Whether you follow a raw vegan, vegetarian, or omnivorous diet, fresh fruits and vegetables always make it to the top of your menu. No diet plan is ever complete without this ubiquitous food. We eat food not just to satisfy our hunger, but also to keep our body and mind healthy. As an old adage goes, we are what we eat.
The recent advancements in food processing technology provide us with a wide range of food options to choose from. They certainly taste better and fill our stomachs. We can’t even imagine our modern lifestyle without fast food. But there is a darker side to it.
Our food habit is killing us. Countless words have been spent on that topic. But today, we would like to focus on how we can start taking control of our diet to lead a healthy life. Let’s start by switching to healthy alternatives, and there is none as healthy as consuming whole fruits.
What Are Whole Fruits?
Whole fruit is when you consume the fruit in its entirety, from the outer skin to the flesh and inner pulp. Each of these layers is loaded with different types of essential nutrients. You are leaving out the best part of your diet if you have the habit of discarding any of those parts of the fruits.
To put it in perspective, the unpeeled fruits have more nutrients than you can imagine. The fruit skin is rich in fiber, antioxidants, and flavonoids. Similarly, the flesh contains vitamins and minerals, and the pulp houses almost 95 percent of the total fiber and half of the total nutrients found in many fruits and veggies.
Studies on food nutrition reveal that a raw whole apple comes with comparatively more nutritional value, such as vitamin A (142 percent), vitamin C (115 percent), vitamin K (332 percent), calcium (20 percent), and potassium (19 percent). As you can see, the numbers speak for themselves.
Each of these parts of fruits interacts with each other to ensure that you get the most out of the fruits you consume. Your body reacts positively to the whole fruits by better absorbing and digesting them.
Some people prefer fresh fruit juice instead of whole fruits. They argue that it is an easier alternative and the nutritional benefits are the same. Well, they are not wrong.
Let’s Talk About Fruit Juice
Unlike whole fruits, fruit juice is mainly processed from the flesh part of the fruits. Although it retains some nutrients like vitamins, minerals, and antioxidants, you will be missing out on the fiber content found in the pulp and skin of the fruit.
The effect of juicing is evident in the drink’s sugar concentration. Fruit juices have a higher Glycemic Index (rate of blood sugar spike due to carbohydrates in food) than whole fruits. They are instantly absorbed by your body.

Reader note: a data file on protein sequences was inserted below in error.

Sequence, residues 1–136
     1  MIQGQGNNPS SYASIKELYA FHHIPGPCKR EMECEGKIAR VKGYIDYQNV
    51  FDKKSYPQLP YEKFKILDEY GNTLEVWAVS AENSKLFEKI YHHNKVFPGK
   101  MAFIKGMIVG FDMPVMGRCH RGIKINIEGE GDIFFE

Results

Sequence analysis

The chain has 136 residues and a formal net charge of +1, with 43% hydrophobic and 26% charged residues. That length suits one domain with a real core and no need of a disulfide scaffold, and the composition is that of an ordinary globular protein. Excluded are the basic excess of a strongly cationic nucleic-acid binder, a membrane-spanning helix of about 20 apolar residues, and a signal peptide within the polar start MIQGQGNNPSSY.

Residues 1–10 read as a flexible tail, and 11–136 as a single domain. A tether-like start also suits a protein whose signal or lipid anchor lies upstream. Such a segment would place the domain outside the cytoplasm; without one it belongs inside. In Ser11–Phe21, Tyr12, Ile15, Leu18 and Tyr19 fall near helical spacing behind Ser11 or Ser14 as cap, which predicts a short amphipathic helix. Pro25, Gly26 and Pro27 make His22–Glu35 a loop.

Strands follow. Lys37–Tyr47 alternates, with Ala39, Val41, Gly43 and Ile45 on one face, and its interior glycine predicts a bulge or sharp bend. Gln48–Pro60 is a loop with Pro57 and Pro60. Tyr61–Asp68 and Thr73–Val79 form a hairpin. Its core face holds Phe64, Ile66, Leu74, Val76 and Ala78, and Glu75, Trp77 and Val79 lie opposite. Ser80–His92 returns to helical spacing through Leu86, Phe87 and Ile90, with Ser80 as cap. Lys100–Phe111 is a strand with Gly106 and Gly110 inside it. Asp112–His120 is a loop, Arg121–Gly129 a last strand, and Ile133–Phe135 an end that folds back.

As a result, you won’t feel that satiated after drinking juices. But you will be intaking a relatively higher amount of sugar and calories. The “healthy” drink might be taking you one step closer to the risk of type 2 diabetes and weight gain.
Don’t fall prey to the claims of packaged juices because they are loaded with artificial sweeteners and preservatives. You have been warned.
If you are still not convinced, the following section will definitely make you change your mind.
Benefits Of Whole Fruits
An apple a day keeps the doctor away. As raw foodism is making it into the modern mainstream of daily life, this age-old proverb has become even more relevant. Not just apples, but all the fruits and vegetables fit into this context.
Energizing And Satiating
Whole fruits are more energizing and satiating than their liquid counterparts. It will satisfy your hunger quickly and the slow release of energy keeps you fueled for longer. It will control your temptation to eat frequently.
Rich In Nutrients
Nutrients are sensitive compounds that are lost when you heat or process the food. Even the juice extraction process will cause damage to the nutritional value of fruits. Including whole fruits in your diet ensures that you are getting all the nutrients in their original state.
By decreasing both the frequency and volume of food consumption, it becomes easier for you to manage your weight. Consuming whole fruits is one of the most effective ways of cutting down on sugar and calorie intake without skipping meals.
High Fiber Content
Whole fruits are very rich in dietary fiber that play a major role in improving digestion, enhancing metabolism, controlling blood sugar levels, and reducing cholesterol. This accompanying nutrient is what keeps the sugar in check, both in our body and the fruits. It slows down the digestion process to keep your hunger at bay for a while. It also regulates the secretion of digestive enzymes to prevent gastritis.
Whole fruits retain phytochemicals in their natural state which have a high level of antioxidant activity. The antimicrobials found in whole fruits are effective against preventing the growth of microorganisms and pathogens responsible for causing cancer, diabetes, obesity, and cardiovascular disease.
What’s The Verdict?
Whole fruits are a nutritional powerhouse. Each layer of the fruits is packed with different nutrients like vitamins, minerals, fibers, natural enzymes, and antioxidants. When you consume them in raw and whole form, your body is able to naturally absorb those nutrients.
The problem starts when you manipulate its natural state. Fruit juices are healthy, but they are low on fiber. Experts advise drinking only natural fruit juice with no additives or preservatives. Keep it moderate to avoid spikes in blood sugar levels that can do more harm than good. It’s recommended that you take no more than a couple of fruit juice in a day.
An alternative is to make fruit juice by yourself at home so that you have greater control over the process. Instead of throwing away the skin and pulp, mix them with the flesh. Add some vegetables as well to enhance the nutritional value of the drink. But nothing is better than consuming raw whole fruits. That’s for sure.
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